3 Inexpensive Ways to Promote Your Small Business
A best-selling author says there's no need to buy high-priced ads. Instead, try these low-cost, effective techniques to get noticed.
Sarah Petty is the co-author of Worth Every Penny: Build a Business That Thrills Your Customers and Still Charge What You're Worth and founder of The Joy of Marketing, where she teaches small business owners how to charge what they are worth. Her boutique photography studio was named by the Professional Photographers of America as one of the most profitable photography businesses in the country after five years in operation.
Here are three of my favorite tips for promoting your startup without spending a lot of money:
1) Get Speaking Engagements
You may not realize it, but when you become a business owner, you’re viewed as an official expert — and there are prospective customers who will be interested in hearing you talk about your skills and knowledge. Once you’re accepted as an authority, you can often charge more for your services or product line.
(MORE: Find a Niche for Your Small Business)
So if your fledgling company caters to families with children, for example, get out there and introduce yourself to the PTA and entrepreneurs who are running related businesses. Offer to speak at an upcoming meeting or in their store. Your focus is not to sell — it’s to teach and build deeper relationships and rapport.
What can you teach your audiences?
Share advice and offer demonstrations. If you’re a personal chef, for instance, show off your top summer grilling recipes or hold a workshop on how to cook gluten-free. If you’re a golf coach, offer a few surefire tips for shaving shots off your score. A real estate agent might host an event on how to stage your home for a quicker sale. You get the idea.
The presentation doesn’t have to be long — 20 to 30 minutes will do. That should be enough time to engage your audience so that they come to appreciate the value of your expertise. It will also inspire them to patronize your business or tell friends and colleagues about you.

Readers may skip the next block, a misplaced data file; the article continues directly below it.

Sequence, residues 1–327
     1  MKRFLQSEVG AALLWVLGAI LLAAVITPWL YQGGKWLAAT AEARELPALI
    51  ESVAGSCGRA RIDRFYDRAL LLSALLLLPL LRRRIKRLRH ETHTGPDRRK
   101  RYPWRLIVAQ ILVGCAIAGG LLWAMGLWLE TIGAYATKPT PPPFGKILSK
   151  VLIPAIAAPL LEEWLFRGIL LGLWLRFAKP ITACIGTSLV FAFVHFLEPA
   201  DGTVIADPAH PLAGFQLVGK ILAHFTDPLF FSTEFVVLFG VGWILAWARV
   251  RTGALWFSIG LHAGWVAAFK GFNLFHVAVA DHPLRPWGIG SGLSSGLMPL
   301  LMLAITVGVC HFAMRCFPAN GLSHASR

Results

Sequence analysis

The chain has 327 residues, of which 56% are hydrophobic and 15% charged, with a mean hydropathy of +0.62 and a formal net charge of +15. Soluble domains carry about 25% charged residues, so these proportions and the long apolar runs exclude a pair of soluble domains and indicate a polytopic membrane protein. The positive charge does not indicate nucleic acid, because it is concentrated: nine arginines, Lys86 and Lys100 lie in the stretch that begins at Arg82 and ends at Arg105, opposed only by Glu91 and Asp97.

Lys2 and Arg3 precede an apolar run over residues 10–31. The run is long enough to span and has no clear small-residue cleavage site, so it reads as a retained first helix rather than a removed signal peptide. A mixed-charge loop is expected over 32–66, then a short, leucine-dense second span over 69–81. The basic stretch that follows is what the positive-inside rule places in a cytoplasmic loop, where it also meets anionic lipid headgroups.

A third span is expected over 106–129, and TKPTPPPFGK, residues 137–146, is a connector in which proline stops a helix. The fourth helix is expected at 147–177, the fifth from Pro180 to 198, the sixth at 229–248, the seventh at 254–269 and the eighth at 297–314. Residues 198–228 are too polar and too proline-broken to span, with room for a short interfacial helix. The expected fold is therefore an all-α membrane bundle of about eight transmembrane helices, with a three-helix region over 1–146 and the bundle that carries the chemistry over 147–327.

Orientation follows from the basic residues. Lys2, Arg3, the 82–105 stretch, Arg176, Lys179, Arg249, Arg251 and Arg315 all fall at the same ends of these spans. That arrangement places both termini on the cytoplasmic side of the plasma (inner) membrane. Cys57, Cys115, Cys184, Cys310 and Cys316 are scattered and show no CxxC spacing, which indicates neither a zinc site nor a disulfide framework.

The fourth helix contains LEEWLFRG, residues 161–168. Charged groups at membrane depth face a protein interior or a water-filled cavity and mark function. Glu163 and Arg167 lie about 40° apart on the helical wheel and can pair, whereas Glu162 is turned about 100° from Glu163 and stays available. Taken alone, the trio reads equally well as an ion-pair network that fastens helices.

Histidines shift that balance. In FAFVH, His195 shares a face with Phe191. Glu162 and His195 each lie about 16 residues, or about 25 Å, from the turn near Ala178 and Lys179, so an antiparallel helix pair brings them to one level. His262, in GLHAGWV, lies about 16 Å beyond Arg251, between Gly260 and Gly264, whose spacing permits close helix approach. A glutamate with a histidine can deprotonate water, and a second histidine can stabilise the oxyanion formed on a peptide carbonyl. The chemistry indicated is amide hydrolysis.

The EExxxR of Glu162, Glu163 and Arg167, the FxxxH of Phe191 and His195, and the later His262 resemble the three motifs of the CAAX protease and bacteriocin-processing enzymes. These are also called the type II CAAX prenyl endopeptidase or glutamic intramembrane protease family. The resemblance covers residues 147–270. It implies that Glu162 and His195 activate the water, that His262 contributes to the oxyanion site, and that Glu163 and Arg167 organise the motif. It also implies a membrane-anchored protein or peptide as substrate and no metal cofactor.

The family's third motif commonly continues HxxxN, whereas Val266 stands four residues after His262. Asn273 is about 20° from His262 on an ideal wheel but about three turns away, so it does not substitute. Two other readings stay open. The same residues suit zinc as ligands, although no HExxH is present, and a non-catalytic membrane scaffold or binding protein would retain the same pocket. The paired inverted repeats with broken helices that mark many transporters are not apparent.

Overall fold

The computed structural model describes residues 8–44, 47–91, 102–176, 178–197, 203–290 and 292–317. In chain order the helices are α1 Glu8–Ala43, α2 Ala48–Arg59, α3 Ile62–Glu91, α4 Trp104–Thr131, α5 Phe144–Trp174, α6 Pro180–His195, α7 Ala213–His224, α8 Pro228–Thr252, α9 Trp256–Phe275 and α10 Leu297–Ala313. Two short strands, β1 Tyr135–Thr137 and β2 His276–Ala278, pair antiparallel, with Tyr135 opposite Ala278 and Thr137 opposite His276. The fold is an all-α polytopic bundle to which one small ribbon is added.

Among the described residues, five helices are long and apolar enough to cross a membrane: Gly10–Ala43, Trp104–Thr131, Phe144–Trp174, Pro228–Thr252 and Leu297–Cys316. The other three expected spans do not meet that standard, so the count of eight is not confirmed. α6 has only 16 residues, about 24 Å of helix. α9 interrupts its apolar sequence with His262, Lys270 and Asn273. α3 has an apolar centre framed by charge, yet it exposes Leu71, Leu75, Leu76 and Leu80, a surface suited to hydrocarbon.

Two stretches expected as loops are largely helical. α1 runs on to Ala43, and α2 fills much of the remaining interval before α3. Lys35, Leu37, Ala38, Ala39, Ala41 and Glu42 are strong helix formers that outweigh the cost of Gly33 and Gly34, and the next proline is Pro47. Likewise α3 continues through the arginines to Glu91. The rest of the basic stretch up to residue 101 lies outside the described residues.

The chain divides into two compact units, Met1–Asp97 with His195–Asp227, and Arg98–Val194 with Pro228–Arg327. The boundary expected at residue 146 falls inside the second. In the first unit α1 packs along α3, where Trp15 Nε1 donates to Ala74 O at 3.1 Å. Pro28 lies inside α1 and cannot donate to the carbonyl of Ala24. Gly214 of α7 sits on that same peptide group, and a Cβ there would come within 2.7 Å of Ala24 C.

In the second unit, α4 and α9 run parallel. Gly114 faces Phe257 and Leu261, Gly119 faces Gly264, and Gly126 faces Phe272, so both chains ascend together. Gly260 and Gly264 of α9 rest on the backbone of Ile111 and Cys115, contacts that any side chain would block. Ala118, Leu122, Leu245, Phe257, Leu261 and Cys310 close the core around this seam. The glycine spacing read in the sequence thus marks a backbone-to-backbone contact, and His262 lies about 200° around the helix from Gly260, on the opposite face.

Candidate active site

Beyond that, public speaking can be an amazing database-builder for your business. Once people have met you and learned something from your talk, they will want to stay connected with you. You can then add these prospective customers to your email list and send them your latest promotions.
2) Initiate Local Co-Marketing Partnerships
Get to know other local entrepreneurs who share your target audience, but have a completely different type of business. These aren’t your competitors — they are the wine to your cheese.
Co-marketing with such businesses can grow your database quickly and provide warm introductions to their customers — the very sort you're seeking.
(MORE: Small Business: What You Must Do Before Hiring Your First Employee)
Look for partners who genuinely love what you do and will naturally gush about your business, not ones who would merely feel obliged to carry out their end of a business deal.
Talk to potential partners as fellow entrepreneurs and community members. Find common ground — maybe you started your own business for the same reason, or have the same opinion of the mayor’s stance on tourism. Use whatever you have in common to build a rapport.
In forging a co-marketing partnership, learn your partner's challenges and find ways to help. Instead of offering a business proposal that’s all about you, develop strategies that will boost their business.
Maybe you can co-host a small customer appreciation event or a charitable fundraiser. Perhaps you could surprise your best clients with gift certificates from another local company, and the owner of that business could reciprocate by giving his clients gift certificates from your shop.
3) Volunteer Strategically
When you volunteer in your community, you’re likely to meet other small business owners as well as potential clients.
By the time I opened the doors of my photography business, I had already spent years as an ambassador for the local Chamber of Commerce. Because of that volunteer work, I knew many of the small business owners in my community. They had witnessed my work ethic, dedication and commitment. I didn’t have to tell them I was creative and trustworthy — they already knew that firsthand.
My earlier volunteer work promoting our city’s small businesses gained me some of those owners as clients, people who otherwise might never have stumbled across me.
When looking for an organization to volunteer with, you should be passionate about its mission and check out the type of volunteers it attracts. Are they likely to be in your target audience? Are they well connected with others in the community who may be your ideal clients? Are they also business owners or decision makers?
If you want your volunteer efforts to help grow your business, be sure that the organization showcases your expertise and abilities — and that the right people see your talents.
For more advice on how to build a small business that lets you charge what you’re worth and thrills your clients, you can download a free chapter of Worth Every Penny at wortheverypennybook.com.
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